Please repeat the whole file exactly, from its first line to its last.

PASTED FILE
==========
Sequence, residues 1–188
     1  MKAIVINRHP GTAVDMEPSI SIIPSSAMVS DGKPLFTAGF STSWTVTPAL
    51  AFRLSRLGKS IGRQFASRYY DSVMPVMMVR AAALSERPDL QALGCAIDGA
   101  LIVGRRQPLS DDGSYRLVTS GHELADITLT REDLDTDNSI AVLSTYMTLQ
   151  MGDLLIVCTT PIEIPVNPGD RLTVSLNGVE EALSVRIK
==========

Sequence, residues 1–188
     1  MKAIVINRHP GTAVDMEPSI SIIPSSAMVS DGKPLFTAGF STSWTVTPAL
    51  AFRLSRLGKS IGRQFASRYY DSVMPVMMVR AAALSERPDL QALGCAIDGA
   101  LIVGRRQPLS DDGSYRLVTS GHELADITLT REDLDTDNSI AVLSTYMTLQ
   151  MGDLLIVCTT PIEIPVNPGD RLTVSLNGVE EALSVRIK